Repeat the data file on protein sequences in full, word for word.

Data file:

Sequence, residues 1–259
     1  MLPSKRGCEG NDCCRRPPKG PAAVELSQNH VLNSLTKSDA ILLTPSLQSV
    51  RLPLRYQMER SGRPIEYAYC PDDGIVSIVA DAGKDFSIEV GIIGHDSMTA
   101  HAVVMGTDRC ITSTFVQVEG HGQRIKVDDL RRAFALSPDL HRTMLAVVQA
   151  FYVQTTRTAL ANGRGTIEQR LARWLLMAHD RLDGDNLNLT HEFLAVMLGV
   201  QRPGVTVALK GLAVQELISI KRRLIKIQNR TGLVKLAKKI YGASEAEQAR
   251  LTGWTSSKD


Sequence, residues 1–259
     1  MLPSKRGCEG NDCCRRPPKG PAAVELSQNH VLNSLTKSDA ILLTPSLQSV
    51  RLPLRYQMER SGRPIEYAYC PDDGIVSIVA DAGKDFSIEV GIIGHDSMTA
   101  HAVVMGTDRC ITSTFVQVEG HGQRIKVDDL RRAFALSPDL HRTMLAVVQA
   151  FYVQTTRTAL ANGRGTIEQR LARWLLMAHD RLDGDNLNLT HEFLAVMLGV
   201  QRPGVTVALK GLAVQELISI KRRLIKIQNR TGLVKLAKKI YGASEAEQAR
   251  LTGWTSSKD